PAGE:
A New South Wales miner who was sacked and then made to train up temporary workers on 457 visas to replace him has given evidence to a Senate Inquiry investigating the abuse of Australia’s temporary visa system.
Ben Loeve was one of 106 local workers at a coal mine in the NSW town of Boggabri who were made redundant by Downer EDI, while eight employees on 457 visas with less experience and qualifications were retained as the company tried to bring in another 360 workers from overseas.
Ben’s case is only one of many being exposed by submissions to the inquiry. Others involve migrant workers who were paid just $7-10 an hour and made to sleep in shipping containers.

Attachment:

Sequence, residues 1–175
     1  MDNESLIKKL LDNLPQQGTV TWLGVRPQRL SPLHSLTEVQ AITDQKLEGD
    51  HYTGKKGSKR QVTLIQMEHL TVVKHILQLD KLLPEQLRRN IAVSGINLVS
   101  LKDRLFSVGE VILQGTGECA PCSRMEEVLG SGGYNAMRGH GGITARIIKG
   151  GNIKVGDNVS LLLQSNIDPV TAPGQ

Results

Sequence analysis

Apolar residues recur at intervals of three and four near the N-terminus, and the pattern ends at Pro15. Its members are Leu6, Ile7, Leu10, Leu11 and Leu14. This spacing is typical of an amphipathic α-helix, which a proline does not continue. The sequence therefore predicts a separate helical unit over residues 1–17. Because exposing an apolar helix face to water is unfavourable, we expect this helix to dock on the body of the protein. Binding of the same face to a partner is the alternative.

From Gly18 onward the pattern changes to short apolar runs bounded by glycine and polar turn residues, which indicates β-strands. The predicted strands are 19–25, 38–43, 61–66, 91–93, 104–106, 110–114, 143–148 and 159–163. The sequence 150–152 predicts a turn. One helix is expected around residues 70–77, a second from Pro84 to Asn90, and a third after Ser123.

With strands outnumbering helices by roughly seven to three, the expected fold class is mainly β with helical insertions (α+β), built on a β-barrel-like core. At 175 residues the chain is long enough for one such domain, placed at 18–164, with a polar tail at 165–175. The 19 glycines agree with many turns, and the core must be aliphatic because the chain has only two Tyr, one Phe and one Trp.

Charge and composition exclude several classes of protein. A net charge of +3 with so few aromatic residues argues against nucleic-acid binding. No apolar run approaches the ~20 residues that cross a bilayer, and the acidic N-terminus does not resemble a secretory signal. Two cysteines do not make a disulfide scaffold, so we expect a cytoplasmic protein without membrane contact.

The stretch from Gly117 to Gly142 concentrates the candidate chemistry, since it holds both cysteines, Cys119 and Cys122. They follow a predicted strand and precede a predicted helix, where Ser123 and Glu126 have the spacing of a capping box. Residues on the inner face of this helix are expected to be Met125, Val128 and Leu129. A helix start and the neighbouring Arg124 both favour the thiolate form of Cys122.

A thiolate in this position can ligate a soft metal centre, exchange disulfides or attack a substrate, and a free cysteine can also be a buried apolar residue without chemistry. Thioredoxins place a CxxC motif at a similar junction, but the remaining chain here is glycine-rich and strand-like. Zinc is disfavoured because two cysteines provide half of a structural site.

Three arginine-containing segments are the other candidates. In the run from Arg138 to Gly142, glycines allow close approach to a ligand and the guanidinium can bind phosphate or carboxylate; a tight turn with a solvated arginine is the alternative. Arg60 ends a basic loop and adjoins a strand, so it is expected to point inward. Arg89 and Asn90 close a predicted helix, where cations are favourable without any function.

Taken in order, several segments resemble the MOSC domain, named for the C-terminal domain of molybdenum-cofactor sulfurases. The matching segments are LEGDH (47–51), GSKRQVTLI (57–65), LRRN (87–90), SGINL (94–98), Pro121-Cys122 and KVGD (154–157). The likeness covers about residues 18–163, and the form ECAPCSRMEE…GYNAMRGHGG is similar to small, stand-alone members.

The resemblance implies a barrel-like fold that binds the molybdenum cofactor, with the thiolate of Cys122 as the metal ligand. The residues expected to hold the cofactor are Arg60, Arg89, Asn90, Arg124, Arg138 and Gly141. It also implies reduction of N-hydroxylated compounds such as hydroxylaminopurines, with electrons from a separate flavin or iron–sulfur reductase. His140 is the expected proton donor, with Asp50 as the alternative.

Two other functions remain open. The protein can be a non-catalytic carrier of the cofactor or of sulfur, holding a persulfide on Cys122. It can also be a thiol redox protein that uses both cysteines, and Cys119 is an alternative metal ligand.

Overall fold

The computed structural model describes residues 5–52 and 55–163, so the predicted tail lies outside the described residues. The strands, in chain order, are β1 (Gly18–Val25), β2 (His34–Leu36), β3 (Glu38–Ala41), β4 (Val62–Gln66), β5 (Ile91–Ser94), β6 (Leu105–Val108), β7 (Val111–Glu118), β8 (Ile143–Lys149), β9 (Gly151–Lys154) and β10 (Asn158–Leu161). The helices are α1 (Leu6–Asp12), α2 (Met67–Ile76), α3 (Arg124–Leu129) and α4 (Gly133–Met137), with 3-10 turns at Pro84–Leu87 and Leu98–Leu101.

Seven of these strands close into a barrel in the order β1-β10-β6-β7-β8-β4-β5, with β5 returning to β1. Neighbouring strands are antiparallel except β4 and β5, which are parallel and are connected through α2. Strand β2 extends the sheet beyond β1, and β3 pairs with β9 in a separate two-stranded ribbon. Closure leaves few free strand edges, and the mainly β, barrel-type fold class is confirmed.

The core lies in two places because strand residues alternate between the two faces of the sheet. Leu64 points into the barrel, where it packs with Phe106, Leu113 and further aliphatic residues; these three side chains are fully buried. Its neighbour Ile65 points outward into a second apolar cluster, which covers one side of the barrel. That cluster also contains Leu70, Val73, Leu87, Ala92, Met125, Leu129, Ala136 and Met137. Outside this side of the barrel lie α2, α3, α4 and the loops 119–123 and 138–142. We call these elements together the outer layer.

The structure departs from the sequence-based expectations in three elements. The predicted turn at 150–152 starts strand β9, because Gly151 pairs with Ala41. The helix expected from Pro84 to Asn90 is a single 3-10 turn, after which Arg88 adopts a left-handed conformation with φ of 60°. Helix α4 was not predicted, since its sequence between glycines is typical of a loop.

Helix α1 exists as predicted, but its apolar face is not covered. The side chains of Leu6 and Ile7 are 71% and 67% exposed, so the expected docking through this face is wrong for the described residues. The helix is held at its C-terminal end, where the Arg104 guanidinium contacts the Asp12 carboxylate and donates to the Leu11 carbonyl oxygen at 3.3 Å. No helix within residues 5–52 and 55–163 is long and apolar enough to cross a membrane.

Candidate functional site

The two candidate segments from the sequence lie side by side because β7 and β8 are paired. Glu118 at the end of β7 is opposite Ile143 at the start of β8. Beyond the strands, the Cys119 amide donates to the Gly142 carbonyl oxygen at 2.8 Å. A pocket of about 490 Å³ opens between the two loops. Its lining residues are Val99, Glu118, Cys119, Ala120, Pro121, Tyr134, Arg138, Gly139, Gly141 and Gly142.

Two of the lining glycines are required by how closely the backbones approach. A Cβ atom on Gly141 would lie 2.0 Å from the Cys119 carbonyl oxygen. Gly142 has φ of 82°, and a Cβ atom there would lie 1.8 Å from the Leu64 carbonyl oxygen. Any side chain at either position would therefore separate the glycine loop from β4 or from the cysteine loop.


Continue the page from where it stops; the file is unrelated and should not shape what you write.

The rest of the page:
And unions are pointing to many further examples of workers being brought into Australia supposedly to do skilled work only to find themselves doing low skilled jobs for illegally low pay.
ACTU President Ged Kearney, who addressed the inquiry late last month, called for action to ensure the large and growing use of temporary working visas does not impact on job and training opportunities for local workers and lead to exploitation of vulnerable foreign workers.
Unions are calling for caps on temporary visa numbers, tougher requirements for employers to hire local workers before recruiting workers from overseas and stronger training obligations for employers who use 457 visas, including requirements to train Australian apprentices in the same occupations where temporary visa holders are being employed.